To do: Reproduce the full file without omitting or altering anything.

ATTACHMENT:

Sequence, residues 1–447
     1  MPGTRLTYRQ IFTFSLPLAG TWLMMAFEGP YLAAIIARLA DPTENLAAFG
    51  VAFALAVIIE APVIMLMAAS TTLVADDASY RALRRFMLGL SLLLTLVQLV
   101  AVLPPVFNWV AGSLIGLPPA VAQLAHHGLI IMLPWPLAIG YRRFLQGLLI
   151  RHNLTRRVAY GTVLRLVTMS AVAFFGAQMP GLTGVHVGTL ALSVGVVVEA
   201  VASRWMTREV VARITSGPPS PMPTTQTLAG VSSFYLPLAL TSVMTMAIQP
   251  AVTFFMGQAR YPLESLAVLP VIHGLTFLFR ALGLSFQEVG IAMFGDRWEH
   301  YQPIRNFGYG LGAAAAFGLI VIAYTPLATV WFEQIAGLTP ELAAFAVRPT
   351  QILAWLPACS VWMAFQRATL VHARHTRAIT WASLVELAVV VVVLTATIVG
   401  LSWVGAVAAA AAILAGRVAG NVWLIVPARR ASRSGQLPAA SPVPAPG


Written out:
Sequence, residues 1–447
     1  MPGTRLTYRQ IFTFSLPLAG TWLMMAFEGP YLAAIIARLA DPTENLAAFG
    51  VAFALAVIIE APVIMLMAAS TTLVADDASY RALRRFMLGL SLLLTLVQLV
   101  AVLPPVFNWV AGSLIGLPPA VAQLAHHGLI IMLPWPLAIG YRRFLQGLLI
   151  RHNLTRRVAY GTVLRLVTMS AVAFFGAQMP GLTGVHVGTL ALSVGVVVEA
   201  VASRWMTREV VARITSGPPS PMPTTQTLAG VSSFYLPLAL TSVMTMAIQP
   251  AVTFFMGQAR YPLESLAVLP VIHGLTFLFR ALGLSFQEVG IAMFGDRWEH
   301  YQPIRNFGYG LGAAAAFGLI VIAYTPLATV WFEQIAGLTP ELAAFAVRPT
   351  QILAWLPACS VWMAFQRATL VHARHTRAIT WASLVELAVV VVVLTATIVG
   401  LSWVGAVAAA AAILAGRVAG NVWLIVPARR ASRSGQLPAA SPVPAPG